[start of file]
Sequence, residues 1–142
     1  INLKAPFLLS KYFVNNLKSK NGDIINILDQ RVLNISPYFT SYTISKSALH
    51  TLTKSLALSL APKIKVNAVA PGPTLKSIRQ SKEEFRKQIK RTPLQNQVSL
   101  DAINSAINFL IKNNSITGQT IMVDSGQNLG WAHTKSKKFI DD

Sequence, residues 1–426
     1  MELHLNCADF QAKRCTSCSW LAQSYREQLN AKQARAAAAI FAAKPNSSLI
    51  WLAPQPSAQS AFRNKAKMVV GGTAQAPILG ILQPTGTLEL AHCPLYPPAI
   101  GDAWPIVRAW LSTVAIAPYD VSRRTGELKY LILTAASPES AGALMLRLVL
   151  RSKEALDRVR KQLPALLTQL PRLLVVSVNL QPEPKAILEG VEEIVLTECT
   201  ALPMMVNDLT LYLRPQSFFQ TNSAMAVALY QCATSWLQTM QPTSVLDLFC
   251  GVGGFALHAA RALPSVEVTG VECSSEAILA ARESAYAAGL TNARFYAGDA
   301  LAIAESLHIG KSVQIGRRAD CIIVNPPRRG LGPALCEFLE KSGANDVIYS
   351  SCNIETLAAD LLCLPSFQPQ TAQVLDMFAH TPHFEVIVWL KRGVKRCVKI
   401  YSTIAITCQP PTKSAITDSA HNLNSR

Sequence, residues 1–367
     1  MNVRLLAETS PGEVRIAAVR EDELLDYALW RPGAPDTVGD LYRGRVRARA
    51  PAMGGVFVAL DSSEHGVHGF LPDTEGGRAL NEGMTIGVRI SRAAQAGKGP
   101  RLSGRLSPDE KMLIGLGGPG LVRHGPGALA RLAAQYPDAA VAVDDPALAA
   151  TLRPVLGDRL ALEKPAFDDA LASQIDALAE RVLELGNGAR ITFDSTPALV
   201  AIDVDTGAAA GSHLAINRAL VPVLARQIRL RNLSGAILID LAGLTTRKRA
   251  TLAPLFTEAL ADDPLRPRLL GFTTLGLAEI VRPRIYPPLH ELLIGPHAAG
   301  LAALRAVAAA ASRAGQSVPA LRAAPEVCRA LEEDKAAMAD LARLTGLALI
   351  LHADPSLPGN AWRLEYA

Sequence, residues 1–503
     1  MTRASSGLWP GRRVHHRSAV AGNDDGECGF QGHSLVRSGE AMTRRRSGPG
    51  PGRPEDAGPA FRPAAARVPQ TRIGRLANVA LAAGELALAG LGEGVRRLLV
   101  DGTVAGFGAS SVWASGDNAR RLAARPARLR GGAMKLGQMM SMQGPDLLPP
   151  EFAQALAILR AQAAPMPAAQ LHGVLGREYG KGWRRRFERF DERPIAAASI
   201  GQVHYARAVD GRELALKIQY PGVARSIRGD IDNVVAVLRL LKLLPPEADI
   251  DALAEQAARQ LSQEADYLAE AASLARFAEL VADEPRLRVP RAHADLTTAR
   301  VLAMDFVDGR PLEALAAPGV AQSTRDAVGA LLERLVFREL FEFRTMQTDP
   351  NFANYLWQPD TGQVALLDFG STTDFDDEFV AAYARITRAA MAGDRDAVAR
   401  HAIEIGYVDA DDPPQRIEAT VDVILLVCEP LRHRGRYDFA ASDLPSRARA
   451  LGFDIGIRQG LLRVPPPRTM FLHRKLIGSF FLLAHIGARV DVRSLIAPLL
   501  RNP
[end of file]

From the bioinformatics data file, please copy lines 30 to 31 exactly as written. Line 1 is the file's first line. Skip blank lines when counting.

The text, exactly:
   251  DALAEQAARQ LSQEADYLAE AASLARFAEL VADEPRLRVP RAHADLTTAR
   301  VLAMDFVDGR PLEALAAPGV AQSTRDAVGA LLERLVFREL FEFRTMQTDP